Book Review: When Kids Fly

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This book is a little different than the types of books I usually review here. It focuses on child development and the benefits that integrated therapy programs (a combination of different types of therapy) can have for various disorders, such as autism, ADD, or developmental delays.

While this blog focuses on invisible illnesses of all sorts, I haven’t written very much about pediatric illness. Most of my readers are self-advocating adults navigating life with chronic illness. This book’s audience is adults advocating for their childrens’ health, but the subject matter is extremely relevant to both parties. These integrated therapies are probably ones you haven’t heard of and ones that would probably help you with whatever chronic illness you can think of.

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This book (and the care center this author started here in my hometown of Dallas, TX) focuses on a combination of three core types of therapy: Physical or Occupational Therapy, Sound Therapy, and CranioSacral Therapy.

So of these three, I am most familiar with CranioSacral Therapy, as I have used that to find some relief from both endometriosis chronic pain and Irritable Bowel Syndrome. But I would never have known about this as a treatment option. None of my doctors have ever even mentioned this drug-free pain relief treatment. I only discovered it because my sister’s boyfriend’s mother practices it, and my mom actually works with her now, too, at Integrated Pediatric Therapy here in Dallas. Which is why I’m reading this book by their founder – but please note that I am in no way being compensated to say nice things about this book or this company.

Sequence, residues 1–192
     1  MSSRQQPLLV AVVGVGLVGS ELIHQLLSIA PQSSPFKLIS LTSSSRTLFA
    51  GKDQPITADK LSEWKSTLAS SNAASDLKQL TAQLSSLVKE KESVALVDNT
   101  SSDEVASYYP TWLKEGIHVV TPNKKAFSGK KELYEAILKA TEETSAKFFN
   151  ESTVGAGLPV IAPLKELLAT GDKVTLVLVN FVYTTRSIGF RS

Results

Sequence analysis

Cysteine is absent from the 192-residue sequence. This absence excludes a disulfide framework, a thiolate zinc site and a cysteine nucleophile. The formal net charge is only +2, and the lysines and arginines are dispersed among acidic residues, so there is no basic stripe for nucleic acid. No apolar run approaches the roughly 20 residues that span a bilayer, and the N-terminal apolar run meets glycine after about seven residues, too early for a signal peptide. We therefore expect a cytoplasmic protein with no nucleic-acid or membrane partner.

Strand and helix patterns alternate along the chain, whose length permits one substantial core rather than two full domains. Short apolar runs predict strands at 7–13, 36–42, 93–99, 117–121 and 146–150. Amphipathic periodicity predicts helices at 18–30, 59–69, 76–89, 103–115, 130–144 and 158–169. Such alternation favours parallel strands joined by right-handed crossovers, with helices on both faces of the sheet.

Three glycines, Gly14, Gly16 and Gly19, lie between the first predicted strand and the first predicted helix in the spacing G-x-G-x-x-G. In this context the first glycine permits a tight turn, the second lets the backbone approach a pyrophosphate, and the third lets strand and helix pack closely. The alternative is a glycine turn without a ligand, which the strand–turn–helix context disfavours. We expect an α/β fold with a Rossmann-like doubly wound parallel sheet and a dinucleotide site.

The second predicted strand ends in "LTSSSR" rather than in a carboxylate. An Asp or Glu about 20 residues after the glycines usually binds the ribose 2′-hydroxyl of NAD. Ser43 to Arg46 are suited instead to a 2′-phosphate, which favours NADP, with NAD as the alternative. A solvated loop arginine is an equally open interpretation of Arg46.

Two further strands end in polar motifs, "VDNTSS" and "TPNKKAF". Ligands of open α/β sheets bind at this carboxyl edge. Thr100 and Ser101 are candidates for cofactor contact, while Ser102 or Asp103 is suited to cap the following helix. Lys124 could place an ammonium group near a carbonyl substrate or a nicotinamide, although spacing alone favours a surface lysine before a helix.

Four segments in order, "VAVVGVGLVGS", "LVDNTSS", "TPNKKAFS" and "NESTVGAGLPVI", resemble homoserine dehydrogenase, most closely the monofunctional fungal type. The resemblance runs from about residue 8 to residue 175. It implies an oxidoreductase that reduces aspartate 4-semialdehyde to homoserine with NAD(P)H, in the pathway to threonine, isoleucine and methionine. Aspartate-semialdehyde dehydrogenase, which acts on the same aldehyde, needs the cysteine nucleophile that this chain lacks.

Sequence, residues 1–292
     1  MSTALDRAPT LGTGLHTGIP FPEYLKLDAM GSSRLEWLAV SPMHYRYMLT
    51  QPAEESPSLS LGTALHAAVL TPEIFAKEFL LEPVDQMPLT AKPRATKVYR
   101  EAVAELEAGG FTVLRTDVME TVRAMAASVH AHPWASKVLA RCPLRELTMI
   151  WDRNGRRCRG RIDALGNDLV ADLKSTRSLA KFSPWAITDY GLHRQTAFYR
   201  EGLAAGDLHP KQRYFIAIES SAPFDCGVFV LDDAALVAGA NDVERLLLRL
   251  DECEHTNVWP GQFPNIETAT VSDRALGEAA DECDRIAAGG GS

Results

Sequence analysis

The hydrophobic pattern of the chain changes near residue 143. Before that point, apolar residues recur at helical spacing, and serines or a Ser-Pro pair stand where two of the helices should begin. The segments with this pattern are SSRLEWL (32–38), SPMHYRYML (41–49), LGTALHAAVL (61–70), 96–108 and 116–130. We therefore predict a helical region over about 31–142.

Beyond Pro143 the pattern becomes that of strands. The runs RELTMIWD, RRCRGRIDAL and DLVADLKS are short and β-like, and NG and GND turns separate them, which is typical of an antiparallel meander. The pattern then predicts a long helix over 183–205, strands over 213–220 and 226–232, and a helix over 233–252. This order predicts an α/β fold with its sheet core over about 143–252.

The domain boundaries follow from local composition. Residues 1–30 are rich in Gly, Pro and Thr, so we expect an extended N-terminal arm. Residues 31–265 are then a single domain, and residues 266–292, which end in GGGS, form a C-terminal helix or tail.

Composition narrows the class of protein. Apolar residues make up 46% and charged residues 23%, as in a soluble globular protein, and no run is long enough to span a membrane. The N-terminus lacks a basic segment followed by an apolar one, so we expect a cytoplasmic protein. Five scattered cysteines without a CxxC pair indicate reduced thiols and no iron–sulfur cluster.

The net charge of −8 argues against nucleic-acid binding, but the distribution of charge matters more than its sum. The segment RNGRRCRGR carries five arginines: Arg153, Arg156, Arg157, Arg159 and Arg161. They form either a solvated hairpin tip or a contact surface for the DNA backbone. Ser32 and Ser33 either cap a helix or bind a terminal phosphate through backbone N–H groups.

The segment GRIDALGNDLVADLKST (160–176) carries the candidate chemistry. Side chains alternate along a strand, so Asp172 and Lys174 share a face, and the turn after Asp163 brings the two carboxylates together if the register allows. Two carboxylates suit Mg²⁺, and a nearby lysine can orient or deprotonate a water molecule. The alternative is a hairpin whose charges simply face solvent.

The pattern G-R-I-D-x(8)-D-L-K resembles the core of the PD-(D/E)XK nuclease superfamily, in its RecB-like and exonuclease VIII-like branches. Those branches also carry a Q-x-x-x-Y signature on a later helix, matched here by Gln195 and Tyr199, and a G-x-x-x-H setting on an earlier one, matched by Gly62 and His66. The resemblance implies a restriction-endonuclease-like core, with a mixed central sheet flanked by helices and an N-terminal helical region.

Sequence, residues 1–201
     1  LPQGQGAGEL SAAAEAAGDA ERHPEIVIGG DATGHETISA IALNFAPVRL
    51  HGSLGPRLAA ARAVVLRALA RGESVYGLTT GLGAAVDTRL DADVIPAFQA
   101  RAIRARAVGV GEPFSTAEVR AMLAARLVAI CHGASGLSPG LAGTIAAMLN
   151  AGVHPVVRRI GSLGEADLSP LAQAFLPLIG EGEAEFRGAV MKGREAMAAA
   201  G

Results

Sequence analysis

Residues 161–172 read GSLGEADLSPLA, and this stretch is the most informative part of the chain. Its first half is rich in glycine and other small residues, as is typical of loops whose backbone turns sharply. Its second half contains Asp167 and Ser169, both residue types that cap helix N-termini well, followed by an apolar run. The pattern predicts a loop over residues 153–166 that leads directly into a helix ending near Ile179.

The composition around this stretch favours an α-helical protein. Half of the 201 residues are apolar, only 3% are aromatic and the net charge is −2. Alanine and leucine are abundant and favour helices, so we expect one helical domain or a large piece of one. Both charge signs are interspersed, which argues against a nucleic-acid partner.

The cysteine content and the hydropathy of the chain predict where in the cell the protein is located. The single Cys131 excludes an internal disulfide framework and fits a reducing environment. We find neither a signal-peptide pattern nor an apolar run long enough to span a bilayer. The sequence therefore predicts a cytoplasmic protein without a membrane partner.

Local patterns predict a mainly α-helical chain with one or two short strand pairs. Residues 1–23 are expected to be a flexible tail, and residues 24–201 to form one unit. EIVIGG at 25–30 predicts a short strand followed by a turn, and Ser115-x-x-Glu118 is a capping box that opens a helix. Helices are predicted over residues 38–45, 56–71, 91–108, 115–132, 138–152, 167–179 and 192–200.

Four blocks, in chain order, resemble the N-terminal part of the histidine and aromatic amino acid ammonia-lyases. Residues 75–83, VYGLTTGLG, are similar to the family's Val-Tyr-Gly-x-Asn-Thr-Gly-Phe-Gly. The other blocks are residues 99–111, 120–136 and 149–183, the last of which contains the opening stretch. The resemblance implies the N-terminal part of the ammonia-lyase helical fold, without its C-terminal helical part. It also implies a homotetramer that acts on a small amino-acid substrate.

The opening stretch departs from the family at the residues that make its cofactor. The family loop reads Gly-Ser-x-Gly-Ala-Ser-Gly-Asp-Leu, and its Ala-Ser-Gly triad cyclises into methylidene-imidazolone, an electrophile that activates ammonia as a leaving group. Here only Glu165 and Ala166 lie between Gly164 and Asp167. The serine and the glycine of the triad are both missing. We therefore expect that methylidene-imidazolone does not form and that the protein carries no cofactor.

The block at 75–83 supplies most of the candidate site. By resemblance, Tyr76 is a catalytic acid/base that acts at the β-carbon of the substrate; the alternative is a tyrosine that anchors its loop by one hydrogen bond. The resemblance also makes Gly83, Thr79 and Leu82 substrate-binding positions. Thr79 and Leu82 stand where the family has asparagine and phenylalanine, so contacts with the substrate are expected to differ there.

So CranioSacral Therapy is similar to massage therapy. It’s effective, relaxing, and not usually covered by insurance even though it’s an extremely safe alternative to drugs. But this isn’t a post about everything wrong with our healthcare system.

So if you’re walking blind into your first session, it might seem strange at first. Basically, it’s a massage that is very, very, very gentle. Like, the pressure of a dime resting on your skin is an example I was given. It involves a therapist laying their hands on you and exerting subtle pressure on different points of your skull, neck, and lower back. Sometimes there is work on your legs and feet, too. Basically it focuses on your brain and spinal chord, legs getting involved because your posture and gait can affect your spine. The aim is to increase the ease of blood flow in your connective tissues, similar to the “cupping” therapy made popular by Olympic athletes – but much gentler with no bruising involved.

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Honestly if I get too deep into my personal experience it’s going to start sounding like some hippie wind song and that really needs to be a post of its own. But I’ve found a lot of relief from this. This works because this therapy looks at your body as a whole, with each system in you influencing the wellness of all your other bodily systems. And that concept is what this whole book is about – using a multi-disciplinary approach to chronic illness.